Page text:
Scott Brown Loves New Hampshire Because It Won't Make Him Wear a Lame Helmet

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Scott Brown showed up in New Hampshire this week to talk to the good people of the Granite State about how maybe he wants to be their senator because he likes how they don't wear motorcycle helmets.

Brown has been toying with the idea of running for Senate in New Hampshire's 2014 election. So he drove up there in his pick-up truck, the co-star of a number of the 2010 ads that propelled him to a House-length career in the U.S. Senate. Since the truck has Massachusetts license plates — Brown lives in Massachusetts and was previously the senator from Massachusetts — Politico reports that "liberals" "needled" Brown about it.

Those same liberals — a PAC with the clumsy name of American Bridge 21st Century — also released a video taped in August but only released on Thursday. Politico transcribes:

“You still have more freedoms than most here in New Hampshire,” Brown says... . “I love riding my motorcycle without my helmet. I will tell you that.”

There's a bit of irony that precedes that bit of pandering. He starts off by suggesting that the state motto is "Live Free and Die," not the correct "Live Free or Die." And he says that right before he praises the fact that he doesn't have to wear a motorcycle helmet because it's not mandated by law. Think about that.

We were curious the extent to which helmet laws affected motorcycle fatalities, so we pulled data from the Governors Highway Safety Association. There are only three states that don't mandate the use of a motorcycle helmet: Illinois, Iowa, and New Hampshire. The most recent data was for the first nine months of 2012. We mapped that as a function of deaths per 100,000 residents of the state:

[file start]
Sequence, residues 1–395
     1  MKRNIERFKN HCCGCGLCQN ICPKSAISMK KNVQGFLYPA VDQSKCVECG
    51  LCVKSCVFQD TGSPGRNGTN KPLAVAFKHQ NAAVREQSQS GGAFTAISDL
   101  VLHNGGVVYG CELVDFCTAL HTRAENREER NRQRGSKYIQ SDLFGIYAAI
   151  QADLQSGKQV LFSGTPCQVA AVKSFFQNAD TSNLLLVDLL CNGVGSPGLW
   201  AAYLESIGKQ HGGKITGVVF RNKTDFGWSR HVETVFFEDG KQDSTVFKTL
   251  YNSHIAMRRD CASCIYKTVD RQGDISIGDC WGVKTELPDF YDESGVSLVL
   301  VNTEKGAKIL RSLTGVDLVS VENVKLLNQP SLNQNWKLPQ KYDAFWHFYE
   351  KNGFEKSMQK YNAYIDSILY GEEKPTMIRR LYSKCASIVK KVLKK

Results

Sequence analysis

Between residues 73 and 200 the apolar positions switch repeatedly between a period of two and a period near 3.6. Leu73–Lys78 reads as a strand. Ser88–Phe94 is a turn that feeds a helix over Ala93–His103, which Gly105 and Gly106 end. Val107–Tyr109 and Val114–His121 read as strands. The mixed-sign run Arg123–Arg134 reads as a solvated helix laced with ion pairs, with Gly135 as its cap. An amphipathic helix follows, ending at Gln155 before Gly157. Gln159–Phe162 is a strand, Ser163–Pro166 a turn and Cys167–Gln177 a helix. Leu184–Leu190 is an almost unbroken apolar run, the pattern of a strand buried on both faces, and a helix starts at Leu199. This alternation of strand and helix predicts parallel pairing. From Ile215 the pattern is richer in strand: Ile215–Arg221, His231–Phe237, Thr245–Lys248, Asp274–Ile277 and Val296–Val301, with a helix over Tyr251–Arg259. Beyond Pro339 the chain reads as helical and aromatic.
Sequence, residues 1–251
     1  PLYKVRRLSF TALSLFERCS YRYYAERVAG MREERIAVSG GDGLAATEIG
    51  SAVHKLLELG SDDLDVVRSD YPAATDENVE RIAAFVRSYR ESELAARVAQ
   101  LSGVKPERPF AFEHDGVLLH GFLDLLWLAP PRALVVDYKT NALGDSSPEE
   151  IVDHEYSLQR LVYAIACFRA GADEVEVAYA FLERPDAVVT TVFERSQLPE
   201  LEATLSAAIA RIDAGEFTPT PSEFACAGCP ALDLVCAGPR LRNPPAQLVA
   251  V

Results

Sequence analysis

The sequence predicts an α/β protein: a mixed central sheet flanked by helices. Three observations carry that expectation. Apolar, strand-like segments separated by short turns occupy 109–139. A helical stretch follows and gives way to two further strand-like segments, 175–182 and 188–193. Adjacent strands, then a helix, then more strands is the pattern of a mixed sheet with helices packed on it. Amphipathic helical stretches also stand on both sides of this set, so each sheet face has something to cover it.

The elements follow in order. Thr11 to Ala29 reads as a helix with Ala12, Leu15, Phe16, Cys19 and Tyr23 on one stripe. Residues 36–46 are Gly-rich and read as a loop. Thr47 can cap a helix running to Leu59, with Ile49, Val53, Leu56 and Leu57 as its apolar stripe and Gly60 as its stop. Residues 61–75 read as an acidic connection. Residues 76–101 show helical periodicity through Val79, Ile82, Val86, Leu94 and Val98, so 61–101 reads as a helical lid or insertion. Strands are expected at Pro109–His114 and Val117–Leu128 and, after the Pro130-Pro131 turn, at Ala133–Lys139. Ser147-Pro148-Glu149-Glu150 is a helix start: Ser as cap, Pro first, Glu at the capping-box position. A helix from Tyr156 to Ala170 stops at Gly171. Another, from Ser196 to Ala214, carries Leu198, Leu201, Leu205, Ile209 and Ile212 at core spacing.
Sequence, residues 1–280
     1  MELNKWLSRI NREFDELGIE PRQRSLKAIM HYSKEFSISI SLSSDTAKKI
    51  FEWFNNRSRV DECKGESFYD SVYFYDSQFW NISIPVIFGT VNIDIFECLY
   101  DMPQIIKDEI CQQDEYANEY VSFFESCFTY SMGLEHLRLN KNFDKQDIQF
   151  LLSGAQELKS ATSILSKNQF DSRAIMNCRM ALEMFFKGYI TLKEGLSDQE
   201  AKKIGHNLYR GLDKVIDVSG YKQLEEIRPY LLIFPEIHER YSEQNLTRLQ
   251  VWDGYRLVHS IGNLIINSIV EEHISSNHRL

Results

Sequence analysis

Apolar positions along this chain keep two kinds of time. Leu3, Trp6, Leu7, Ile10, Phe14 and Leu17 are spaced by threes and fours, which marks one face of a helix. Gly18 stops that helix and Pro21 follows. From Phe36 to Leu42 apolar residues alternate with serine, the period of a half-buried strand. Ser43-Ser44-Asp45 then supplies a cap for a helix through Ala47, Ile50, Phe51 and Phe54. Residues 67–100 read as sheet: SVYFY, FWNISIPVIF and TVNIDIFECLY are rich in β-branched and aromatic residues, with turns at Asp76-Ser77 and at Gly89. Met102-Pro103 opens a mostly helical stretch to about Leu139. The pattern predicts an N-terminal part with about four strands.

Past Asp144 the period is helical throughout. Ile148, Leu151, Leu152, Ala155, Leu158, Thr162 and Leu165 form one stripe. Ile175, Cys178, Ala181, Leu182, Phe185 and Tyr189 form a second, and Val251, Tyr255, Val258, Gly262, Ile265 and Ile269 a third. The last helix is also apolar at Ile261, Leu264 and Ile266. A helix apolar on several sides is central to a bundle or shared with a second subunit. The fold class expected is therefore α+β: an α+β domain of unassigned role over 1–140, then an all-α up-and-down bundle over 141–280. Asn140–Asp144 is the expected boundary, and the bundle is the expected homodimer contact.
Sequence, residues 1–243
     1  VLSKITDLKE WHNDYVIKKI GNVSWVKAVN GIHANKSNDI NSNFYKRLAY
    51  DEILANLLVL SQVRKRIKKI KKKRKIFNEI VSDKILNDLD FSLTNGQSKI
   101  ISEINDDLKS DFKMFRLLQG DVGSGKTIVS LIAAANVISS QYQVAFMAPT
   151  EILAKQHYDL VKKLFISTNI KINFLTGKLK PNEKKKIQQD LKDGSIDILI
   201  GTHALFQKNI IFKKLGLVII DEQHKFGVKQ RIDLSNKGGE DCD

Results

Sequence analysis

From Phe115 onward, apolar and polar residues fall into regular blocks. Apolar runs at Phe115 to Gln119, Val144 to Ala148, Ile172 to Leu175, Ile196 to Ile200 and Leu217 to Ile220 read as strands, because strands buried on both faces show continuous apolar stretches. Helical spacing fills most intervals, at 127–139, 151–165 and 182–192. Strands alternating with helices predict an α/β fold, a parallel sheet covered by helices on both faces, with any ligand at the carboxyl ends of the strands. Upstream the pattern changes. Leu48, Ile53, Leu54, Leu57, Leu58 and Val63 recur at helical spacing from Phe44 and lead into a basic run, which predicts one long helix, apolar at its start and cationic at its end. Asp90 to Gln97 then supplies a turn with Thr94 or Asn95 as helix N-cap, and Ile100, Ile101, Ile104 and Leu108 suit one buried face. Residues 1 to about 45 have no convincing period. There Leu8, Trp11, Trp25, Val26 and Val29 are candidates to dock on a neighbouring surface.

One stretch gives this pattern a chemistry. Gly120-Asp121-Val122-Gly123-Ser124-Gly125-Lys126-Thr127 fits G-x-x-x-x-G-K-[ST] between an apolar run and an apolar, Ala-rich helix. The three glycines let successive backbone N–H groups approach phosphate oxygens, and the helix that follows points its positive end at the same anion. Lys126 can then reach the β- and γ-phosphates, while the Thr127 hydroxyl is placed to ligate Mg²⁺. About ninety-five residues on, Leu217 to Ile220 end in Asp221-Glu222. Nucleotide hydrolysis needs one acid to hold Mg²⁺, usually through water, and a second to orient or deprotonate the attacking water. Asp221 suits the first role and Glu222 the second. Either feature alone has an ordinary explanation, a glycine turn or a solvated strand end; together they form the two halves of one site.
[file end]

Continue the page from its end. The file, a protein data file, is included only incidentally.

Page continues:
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Those three states without helmet laws are not outliers on this, according to this data. New Hampshire had 25 fatalities in the first nine months of last year, a rate of 1.89 deaths per 100,000 residents. A little above average, but not excessively. Vermont (1.76) and Maine (1.58) were pretty close. Massachusetts, though, was way lower — one-third that of New Hampshire.

According to studies reviewed by the University of Minnesota, the use of a helmet plays a significant role in preventing death despite that data. One study found a 69 percent decrease in the likelihood of death when using a helmet; another, that 45 percent of deaths were among those not wearing one. At higher speeds, a helmet makes less of a difference, but at lower speeds, it can clearly save your life.

The point being this: The "freedom" to ride a motorcycle without a helmet is a pretty stupid thing to celebrate. "Live Free and Die," sure. Or, better, "Give me liberty or give me death, or give me both in rapid succession so I don't mess up my hair." Scott Brown does have nice hair.

This article is from the archive of our partner The Wire.